loading

This fire Pit has become the main attraction at our house. We have since made a habit of sitting out here with or without an actual fire. The stone was a potpourri of closeouts. The bricks were picked up cheap from a job that never used some over orders. The block, sand, and mortar are just everyday Lowes stuff. All said and done I probably had $200 in it. If I had to buy the other stuff at regular price it would probably be around $500. Plus sweat.

The back wall being higher was just an idea I had thinking that it might help with the wind and smoke. And it never hurts to be a little different. I didn't include pics of me actually spreading mortar or buttering bricks because it's not how you need to learn. Either watch youtube, work in the trade for a couple years, or stalk a contractor in your neighborhood till he lets you watch.

Step 1: Concept

When we first decided to build a fire pit I went surfing the web. The pic above was the jist of what I wanted. Seating on the pit and open on one side that you can sit in front of also. And homemade modern's square pit was a must.

The only thing with me is I have some stone and brick remnants from a place called General Shale Brick. They were closing out some old stock and I got a ton of one off stuff. I've been sitting on it a while, so it's time to put it in the ground

Step 2: Materials & Tools

Arriscraft stone-70 sft

Eldorado 12x48 mantle-6

closure bricks

30-4" blocks

5 bags-Type S mortar

1-bag of fireclay

20-bags of quikrete 5000

Trowel

Hammer

Shovels

Mixer(really Helps)

Levels

Step 3: The Inside

Starting with the foundation. I used a tiller to soften up all of the dirt before extracting it.

Mixed and poured the quikrete in one afternoon. I tried to get it as level as possible.

The next phase was laying the 4" block. The brick at the bottom are arranged to level up the block.

Then It's just a matter of laying the block on the pattern. I left the front open so that I would have somewhere to stand while I was laying the brick on the inside.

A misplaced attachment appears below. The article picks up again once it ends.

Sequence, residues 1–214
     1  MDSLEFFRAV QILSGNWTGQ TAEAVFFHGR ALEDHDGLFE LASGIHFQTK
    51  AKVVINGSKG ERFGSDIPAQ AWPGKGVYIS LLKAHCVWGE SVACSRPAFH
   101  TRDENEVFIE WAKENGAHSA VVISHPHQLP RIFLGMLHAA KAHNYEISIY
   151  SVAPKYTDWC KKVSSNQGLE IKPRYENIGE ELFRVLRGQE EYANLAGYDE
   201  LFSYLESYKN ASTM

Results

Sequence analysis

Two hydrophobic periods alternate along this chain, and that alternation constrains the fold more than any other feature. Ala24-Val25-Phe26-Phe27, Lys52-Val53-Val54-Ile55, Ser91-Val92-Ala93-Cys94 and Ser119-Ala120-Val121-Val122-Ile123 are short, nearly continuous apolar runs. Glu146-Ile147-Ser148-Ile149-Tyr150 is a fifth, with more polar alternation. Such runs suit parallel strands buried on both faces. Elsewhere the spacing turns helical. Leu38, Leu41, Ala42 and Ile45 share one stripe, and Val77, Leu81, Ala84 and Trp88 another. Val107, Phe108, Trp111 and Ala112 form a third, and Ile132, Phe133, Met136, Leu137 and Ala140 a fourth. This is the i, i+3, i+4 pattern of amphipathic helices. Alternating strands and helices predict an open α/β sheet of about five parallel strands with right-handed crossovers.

Step 4: The Bricks

The herringbone pattern is one of my all time favorites. If I had the time, I would use this anytime I laid bricks.

This is no standard size brick. It is called a closure. It's a commercial grade brick that is 4"x8". It is so easy to lay, even a cave man can do it. Sereiously, I have to guess that because it's 4 instead of 2 inches. Who knows.

I mixed one bag of S type mortar and added a bag of fireclay. It is a refractive additive. Helps to keep the brick from cooking the block internally.

Step 5: The Stone

This is a man made limestone rock. it is a modular design. That means the height is the same as brick courses. some are as tall as 1, 2, or three bricks. So as long as you stagger your lines it will all keep itself in line. But I did not realize that there were some 4" stone in my pile also. That threw awrench in my program. But it all worked itself out.

Step 6: Capping It All Off

The caps are 12" by 48". The layout of my pit called for some 45* cuts. I used a 7 1/4" circular saw with a masonry blade.

So far, we have cooked a few smores, drank a couple glasses of wine, and smoked a couple of (Wild N Mild) Backwoods Cigars. This could possibly be "the" thing for the summer.

<p>Awesome work. I enjoyed watching your processs by pics. Nicely done!</p>
<p>For a bunch of scrap materials you sure made an awesome pit.</p>
<p>Where are you located? I used to work with a Mike Gribble.</p>
<p>thanks</p>
<p>Looks really great! Congratulations on being a finalist!</p>
<p>Thank you!!!</p>
<p>First off... AWESOME pit !!!<br>second... with the back wall higher, does it help with the wind? and does it get too hot sitting on the sides? such a cool design...love the originality !!</p>
<p>thanks. The higher back wall does help with the wind and it does not get too hot sitting on the sides.</p>
<p>Nice design. I didn't see any kind of drainage arrangement for rain water. Does it just drain into the soil? Does it freeze often where you are? It does where I am and we would have to have some way of keeping water from accumulating in the pit and then freezing because it would break out the bricks. That happens with house foundations here. </p><p>Just wondering.</p>
<p>it just drains in the soil. I haven't had a problem with it yet. It does not freeze often where I live. </p>
<p>The fire pit looks great. I am wondering about ventilation. Are there any holes to let air in ?</p>
<p>No, but I do have the wood off the ground sitting on a metal rack.</p>
<p>I've wanted to do my own custom fire pit for a while, but I'm wondering how standard pavers, bricks, etc, stand up to the heat? Did you use fire brick to line this and forget to mention it?</p>
<p>the fire bricks are very expensive. So I opted not to use them, given that all the heat will go straight up. But I did use a fire clay additive to the mortar.</p>
<p>Gorgeous design. I want this in my backyard. Voted!</p>
nice very nice!
<p>Looks really good, I am trying to come up with designs for my backyard. Thanks for posting!</p>
<p>Well done</p>
<p>go girl!</p>
<p>This fire pit looks excellent. Very impressive and well done!</p>

About This Instructable

34,373views

760favorites

License:

More by nancygribble:Custom DIY Patio Set Caveman Crockpot Supper Plywood Pencil box 
Add instructable to: